Pre-trip Inspection:

A pre-trip inspection is a thorough inspection of the truck completed before driving for the first time each day.

Federal and state laws require that drivers inspect their vehicles. Federal and state inspectors also may inspect your vehicles. If they judge a vehicle to be unsafe, they will put it “out of service” until it is repaired.

Reefer:

A refrigerated trailer.

Kurt G.'s Comment
member avatar

Is the bad water pump part of the trailer or the tractor?

Daniel B.'s Comment
member avatar

Is the bad water pump part of the trailer or the tractor?

The water pump in the reefer unit is bad. A reefer is that giant refrigerator unit at the front of the trailer that keeps it climate controlled.

Reefer:

A refrigerated trailer.

Kurt G.'s Comment
member avatar

Hmm...seems like if it's already too warm you might as well deliver it on time and not mess up the rest of your day. If you stay to get it fixed it'll be bad, late, and you'll miss the next load.

Kurt G.'s Comment
member avatar

...oh, unless you keep the same trailer for the next load. That makes it harder.

Michael S.'s Comment
member avatar

I think this load to the Walmart DC is going to be rejected, +5 degrees over the instructed temperature is most likely too much. This is what I'd do:

Contact DM and explain what has happened with the load. Find out where to take it given that it is going to be rejected.

Get the reefer fixed.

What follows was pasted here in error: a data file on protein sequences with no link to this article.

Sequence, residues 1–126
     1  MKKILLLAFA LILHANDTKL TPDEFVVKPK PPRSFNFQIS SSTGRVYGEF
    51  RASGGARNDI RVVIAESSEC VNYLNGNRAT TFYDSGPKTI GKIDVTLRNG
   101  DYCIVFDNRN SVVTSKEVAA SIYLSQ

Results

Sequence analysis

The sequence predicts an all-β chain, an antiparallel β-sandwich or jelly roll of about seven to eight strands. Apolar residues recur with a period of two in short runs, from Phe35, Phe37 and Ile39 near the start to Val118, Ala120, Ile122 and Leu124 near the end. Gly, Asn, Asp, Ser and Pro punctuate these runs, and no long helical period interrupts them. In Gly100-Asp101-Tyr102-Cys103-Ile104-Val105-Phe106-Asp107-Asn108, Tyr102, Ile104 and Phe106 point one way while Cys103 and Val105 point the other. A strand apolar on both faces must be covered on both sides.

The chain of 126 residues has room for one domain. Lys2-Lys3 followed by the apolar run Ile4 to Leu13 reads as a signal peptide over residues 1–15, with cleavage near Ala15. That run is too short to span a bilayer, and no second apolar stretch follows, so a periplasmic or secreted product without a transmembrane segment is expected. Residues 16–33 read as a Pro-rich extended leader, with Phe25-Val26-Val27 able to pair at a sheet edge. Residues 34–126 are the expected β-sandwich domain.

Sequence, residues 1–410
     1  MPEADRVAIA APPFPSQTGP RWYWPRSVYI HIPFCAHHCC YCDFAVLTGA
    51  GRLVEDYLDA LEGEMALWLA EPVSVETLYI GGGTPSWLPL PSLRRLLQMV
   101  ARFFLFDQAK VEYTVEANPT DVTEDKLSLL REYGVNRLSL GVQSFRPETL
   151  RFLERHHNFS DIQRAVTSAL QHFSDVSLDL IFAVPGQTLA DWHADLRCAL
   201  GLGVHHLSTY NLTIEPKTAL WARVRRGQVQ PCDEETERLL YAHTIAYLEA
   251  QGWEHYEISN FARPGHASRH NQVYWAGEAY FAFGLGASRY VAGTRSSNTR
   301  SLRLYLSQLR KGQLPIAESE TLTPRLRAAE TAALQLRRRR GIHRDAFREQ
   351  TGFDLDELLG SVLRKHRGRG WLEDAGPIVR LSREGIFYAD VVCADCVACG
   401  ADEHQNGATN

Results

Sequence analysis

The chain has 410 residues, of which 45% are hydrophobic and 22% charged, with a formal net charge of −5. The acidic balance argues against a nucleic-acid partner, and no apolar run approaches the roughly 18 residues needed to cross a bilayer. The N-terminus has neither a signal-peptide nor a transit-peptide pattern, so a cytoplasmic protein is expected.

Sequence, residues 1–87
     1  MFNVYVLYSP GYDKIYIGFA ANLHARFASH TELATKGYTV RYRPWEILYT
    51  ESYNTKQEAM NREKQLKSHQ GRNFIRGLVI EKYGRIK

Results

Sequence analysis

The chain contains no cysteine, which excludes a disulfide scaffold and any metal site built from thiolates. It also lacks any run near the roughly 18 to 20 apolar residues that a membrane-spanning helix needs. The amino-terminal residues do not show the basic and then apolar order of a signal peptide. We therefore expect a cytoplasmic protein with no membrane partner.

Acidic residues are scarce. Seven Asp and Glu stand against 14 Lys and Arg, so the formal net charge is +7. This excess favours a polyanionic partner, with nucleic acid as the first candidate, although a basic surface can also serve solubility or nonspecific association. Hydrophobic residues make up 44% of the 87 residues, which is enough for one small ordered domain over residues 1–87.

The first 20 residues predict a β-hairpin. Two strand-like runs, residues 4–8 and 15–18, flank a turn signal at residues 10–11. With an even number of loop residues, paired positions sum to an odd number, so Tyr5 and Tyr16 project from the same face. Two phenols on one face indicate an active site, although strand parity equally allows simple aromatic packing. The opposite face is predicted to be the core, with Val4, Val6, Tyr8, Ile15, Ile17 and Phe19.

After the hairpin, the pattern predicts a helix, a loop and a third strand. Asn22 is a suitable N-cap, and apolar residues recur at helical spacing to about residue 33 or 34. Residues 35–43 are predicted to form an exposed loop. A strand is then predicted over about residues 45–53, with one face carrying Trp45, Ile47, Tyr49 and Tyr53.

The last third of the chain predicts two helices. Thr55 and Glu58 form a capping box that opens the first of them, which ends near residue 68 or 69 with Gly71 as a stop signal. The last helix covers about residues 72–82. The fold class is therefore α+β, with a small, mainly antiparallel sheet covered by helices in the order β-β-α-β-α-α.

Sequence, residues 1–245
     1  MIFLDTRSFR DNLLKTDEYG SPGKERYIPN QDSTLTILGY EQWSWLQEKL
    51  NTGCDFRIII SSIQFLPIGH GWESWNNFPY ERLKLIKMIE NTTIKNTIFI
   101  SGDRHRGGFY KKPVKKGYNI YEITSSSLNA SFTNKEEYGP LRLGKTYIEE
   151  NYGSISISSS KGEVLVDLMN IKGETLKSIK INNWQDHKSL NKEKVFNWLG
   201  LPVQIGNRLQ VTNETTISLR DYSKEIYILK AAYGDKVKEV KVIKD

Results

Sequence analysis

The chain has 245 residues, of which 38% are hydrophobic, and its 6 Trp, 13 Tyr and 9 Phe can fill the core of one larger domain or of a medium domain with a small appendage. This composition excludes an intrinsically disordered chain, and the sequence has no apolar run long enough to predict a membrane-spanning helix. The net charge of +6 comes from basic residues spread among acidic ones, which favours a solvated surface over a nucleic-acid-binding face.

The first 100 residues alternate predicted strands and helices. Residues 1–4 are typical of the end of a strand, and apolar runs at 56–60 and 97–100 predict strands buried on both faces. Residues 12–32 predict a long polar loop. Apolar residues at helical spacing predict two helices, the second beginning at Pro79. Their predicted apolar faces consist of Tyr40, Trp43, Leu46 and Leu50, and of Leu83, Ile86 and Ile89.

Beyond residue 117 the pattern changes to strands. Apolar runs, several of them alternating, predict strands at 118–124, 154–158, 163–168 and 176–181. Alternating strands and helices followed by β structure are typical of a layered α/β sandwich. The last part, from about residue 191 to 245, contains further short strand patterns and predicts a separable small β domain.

Dispose of the load as directed by DM.

Make the pick up of the next load on time.

Dm:

Dispatcher, Fleet Manager, Driver Manager

The primary person a driver communicates with at his/her company. A dispatcher can play many roles, depending on the company's structure. Dispatchers may assign freight, file requests for home time, relay messages between the driver and management, inform customer service of any delays, change appointment times, and report information to the load planners.

Reefer:

A refrigerated trailer.

Cavorkykid's Comment
member avatar

Just cause the refer is temping out 5+ doesnt meen the product is. Check the temp on the product as long as its below 40 its safe to consume. Still contact your DM and inform of everything you have learned. Again the product must be 40 to be safe to consume.

Dm:

Dispatcher, Fleet Manager, Driver Manager

The primary person a driver communicates with at his/her company. A dispatcher can play many roles, depending on the company's structure. Dispatchers may assign freight, file requests for home time, relay messages between the driver and management, inform customer service of any delays, change appointment times, and report information to the load planners.
The Persian Conversion's Comment